Analogue security devices are much like a video feed that can only bebroadcast or recorded. The data generated by the analogue format cannot be analysed any further. However, the IP surveillance feed can be leveraged for additional insights using wide-ranging digital technologies. Leveraging video analytics and machine learning, security personnel or the relevant authorities can be alerted as soon as an incident occurs and is recorded. This gives IP surveillance products a considerable edge over traditional analogue devices.
Growth of IP based surveillance products
Constant innovations in security, surveillance and network offerings have moderately reduced the cost of specialised products and improved their effectiveness, which is also leading to the growth of the industry. Most importantly, these advances have successfully reduced the cost of deploying security cameras within a premise. The invention of the 360-degree video capturing technology has led to the phasing out of the typical three to four PTZ (pan-tilt- zoom) devices or the traditional CCTV products, and considerably reduced costs.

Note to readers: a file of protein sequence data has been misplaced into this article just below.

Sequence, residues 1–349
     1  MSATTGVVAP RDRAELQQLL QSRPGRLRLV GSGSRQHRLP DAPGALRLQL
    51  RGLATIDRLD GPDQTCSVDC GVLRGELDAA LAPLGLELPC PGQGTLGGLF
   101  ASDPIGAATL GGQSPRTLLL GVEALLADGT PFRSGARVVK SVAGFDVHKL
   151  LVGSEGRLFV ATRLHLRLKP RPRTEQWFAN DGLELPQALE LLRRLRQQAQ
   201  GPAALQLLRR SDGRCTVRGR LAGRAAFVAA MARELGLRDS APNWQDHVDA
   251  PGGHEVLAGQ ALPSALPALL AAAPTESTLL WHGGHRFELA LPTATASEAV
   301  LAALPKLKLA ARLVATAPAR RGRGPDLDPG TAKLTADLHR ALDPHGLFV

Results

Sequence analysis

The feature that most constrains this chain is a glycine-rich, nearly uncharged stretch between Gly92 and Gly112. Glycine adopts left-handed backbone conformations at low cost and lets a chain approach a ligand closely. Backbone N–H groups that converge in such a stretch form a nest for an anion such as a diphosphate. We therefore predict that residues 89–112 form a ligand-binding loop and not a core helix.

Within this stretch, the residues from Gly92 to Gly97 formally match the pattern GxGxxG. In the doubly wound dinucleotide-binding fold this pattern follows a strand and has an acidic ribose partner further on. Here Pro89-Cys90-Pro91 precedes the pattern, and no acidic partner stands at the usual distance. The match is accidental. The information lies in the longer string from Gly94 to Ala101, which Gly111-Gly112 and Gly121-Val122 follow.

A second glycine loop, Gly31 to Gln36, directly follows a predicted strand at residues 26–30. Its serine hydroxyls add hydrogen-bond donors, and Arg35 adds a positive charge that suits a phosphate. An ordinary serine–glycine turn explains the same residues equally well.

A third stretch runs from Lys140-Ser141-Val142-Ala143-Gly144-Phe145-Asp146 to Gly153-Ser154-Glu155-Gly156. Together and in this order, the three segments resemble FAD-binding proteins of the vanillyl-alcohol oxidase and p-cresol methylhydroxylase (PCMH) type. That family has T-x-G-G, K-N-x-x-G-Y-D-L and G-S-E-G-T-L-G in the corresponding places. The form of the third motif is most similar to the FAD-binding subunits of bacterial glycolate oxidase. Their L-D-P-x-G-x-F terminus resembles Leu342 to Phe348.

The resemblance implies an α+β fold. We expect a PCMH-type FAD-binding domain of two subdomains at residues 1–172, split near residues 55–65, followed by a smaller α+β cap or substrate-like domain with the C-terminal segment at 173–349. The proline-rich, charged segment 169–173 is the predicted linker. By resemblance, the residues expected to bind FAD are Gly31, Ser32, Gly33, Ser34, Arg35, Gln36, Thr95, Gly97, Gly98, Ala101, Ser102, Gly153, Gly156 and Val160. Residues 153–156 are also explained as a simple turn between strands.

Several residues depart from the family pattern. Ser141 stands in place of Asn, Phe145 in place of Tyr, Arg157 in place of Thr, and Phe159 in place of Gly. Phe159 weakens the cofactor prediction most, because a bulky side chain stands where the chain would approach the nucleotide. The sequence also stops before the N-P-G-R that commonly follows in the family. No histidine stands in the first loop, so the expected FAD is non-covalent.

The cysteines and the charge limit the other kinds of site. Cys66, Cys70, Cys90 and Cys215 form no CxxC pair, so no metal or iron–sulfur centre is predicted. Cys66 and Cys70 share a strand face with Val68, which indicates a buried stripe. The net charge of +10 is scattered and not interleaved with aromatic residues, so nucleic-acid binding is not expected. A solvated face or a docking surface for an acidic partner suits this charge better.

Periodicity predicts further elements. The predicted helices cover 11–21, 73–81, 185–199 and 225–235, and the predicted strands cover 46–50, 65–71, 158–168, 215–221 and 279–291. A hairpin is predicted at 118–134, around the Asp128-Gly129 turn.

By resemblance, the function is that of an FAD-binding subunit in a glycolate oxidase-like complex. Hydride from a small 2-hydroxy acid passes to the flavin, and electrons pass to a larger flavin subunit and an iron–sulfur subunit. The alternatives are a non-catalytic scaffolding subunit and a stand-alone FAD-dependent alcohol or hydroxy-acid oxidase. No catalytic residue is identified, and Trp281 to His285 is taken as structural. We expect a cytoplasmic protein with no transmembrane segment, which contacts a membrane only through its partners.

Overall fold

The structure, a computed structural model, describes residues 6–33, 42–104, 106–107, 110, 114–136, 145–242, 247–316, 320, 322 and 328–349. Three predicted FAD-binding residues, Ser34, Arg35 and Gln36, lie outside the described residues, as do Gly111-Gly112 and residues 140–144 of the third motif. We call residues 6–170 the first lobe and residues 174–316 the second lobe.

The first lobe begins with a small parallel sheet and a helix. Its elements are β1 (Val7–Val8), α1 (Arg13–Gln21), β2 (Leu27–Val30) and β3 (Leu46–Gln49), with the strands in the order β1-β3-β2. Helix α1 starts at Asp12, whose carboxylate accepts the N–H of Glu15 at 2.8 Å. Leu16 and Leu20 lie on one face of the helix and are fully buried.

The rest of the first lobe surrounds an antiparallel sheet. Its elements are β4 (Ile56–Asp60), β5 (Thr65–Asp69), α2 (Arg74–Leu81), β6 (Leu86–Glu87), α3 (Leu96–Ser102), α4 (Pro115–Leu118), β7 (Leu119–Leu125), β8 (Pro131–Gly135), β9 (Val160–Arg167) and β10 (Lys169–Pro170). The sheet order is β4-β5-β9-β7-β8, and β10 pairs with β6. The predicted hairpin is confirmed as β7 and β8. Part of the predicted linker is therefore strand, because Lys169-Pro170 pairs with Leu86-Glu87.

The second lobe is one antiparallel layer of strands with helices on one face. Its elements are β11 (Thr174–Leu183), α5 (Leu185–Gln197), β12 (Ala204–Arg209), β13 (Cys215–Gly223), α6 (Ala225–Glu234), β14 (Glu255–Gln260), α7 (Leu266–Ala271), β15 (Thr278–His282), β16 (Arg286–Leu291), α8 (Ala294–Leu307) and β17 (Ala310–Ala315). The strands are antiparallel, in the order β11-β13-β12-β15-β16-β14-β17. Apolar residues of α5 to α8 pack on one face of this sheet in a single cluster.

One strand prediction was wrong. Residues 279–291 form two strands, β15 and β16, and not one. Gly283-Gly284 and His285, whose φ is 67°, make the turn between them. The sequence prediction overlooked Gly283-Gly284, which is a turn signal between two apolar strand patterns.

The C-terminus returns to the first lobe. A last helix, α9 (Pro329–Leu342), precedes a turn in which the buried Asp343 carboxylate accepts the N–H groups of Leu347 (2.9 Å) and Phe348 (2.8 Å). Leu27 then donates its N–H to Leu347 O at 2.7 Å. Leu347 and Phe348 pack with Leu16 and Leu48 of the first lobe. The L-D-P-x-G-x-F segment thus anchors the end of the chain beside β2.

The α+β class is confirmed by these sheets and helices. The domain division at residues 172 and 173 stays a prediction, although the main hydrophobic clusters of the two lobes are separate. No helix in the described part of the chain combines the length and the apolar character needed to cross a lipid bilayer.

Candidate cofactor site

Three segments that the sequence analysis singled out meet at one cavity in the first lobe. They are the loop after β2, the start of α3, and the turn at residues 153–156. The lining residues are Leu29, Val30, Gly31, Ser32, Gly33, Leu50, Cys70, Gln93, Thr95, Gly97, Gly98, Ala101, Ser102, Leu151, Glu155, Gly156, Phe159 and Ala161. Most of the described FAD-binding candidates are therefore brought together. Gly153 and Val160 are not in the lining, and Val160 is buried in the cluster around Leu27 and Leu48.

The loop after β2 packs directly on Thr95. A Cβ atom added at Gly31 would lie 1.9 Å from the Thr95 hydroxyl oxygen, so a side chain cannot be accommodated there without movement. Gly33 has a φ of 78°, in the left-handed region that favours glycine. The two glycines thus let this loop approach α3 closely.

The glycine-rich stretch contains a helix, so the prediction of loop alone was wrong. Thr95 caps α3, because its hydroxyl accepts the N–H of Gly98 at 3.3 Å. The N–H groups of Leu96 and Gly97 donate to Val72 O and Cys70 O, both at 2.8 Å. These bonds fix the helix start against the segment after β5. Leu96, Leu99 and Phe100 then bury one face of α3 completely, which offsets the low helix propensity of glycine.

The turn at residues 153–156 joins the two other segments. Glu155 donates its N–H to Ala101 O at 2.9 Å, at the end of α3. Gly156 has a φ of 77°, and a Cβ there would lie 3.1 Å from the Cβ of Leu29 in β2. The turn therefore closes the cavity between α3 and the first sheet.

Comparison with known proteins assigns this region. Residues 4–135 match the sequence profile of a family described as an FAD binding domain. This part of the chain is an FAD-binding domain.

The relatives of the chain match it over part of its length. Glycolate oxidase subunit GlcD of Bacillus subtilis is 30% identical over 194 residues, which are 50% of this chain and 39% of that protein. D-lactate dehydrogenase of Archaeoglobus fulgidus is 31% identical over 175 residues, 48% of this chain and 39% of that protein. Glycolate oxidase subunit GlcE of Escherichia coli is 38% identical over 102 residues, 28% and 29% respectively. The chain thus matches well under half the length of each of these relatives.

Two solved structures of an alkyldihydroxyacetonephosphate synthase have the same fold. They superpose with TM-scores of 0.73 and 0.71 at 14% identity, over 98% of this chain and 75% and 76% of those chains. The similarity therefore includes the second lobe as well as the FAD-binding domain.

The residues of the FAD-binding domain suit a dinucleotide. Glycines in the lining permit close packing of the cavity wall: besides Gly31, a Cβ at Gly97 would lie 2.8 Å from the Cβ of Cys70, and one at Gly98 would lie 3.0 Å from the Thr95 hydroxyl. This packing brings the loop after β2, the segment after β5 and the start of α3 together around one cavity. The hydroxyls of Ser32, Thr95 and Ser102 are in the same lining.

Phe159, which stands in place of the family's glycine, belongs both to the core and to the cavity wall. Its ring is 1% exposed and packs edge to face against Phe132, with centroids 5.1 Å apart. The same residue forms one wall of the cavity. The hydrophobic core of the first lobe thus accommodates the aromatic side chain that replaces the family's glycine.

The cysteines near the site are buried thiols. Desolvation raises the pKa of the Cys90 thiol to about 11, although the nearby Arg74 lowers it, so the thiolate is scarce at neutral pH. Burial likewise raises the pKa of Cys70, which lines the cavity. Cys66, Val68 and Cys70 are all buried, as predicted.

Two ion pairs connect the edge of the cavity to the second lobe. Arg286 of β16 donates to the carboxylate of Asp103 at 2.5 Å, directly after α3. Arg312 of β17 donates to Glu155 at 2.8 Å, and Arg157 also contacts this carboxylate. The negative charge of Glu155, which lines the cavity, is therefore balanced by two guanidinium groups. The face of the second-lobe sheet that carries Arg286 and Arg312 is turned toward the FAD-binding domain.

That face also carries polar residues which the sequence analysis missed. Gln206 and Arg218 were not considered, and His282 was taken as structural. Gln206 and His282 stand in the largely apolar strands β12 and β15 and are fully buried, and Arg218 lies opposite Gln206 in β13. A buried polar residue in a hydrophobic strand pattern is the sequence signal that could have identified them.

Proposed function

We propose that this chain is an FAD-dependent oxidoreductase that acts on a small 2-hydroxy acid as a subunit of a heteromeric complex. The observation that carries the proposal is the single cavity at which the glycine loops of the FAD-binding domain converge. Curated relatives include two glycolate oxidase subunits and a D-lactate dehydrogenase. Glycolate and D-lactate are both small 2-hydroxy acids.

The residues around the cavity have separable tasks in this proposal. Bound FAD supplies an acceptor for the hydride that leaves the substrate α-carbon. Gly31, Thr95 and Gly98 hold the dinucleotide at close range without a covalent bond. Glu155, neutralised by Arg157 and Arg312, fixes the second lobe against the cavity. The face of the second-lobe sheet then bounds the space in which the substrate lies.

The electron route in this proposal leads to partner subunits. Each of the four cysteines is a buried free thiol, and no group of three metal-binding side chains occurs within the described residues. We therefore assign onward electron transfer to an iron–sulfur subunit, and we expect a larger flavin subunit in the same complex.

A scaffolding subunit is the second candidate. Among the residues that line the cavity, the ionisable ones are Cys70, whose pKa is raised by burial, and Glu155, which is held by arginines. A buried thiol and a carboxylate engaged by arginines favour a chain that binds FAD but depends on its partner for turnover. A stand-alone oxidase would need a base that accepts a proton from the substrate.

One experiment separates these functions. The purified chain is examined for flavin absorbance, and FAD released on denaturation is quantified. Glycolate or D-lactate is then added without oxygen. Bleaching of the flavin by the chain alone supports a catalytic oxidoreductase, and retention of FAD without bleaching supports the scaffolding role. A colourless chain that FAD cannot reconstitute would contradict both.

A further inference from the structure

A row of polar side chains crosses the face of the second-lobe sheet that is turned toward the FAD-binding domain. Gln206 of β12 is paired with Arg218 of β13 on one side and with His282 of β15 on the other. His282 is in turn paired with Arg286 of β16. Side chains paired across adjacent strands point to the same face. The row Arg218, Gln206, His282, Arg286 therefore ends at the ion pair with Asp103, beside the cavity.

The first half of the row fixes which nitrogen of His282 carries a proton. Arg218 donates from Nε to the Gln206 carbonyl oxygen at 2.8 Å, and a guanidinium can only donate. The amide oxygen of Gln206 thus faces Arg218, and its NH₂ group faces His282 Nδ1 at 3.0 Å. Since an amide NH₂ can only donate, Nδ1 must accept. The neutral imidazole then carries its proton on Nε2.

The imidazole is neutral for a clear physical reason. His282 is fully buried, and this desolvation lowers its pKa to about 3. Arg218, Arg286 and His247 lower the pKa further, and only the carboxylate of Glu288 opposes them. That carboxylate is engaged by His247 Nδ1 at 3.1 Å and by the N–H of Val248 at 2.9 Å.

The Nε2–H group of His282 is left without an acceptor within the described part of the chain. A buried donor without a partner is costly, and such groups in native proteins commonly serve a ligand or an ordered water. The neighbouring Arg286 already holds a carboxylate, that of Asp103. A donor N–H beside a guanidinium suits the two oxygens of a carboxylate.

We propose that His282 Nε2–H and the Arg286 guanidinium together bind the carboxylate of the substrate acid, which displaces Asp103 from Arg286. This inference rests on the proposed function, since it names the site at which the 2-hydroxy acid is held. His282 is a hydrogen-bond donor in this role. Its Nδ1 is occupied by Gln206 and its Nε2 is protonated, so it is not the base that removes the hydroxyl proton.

Various experts in this domain claim that up until 2017, more than 2 million surveillance products were sold in India and that the market was growing at a rate of 20-25 per cent, yearly. At the end of FY 2017, the Indian surveillance market was valued at around ₹ 82 billion, and it reached ₹ 110 billion in FY2018.
|What the expert says|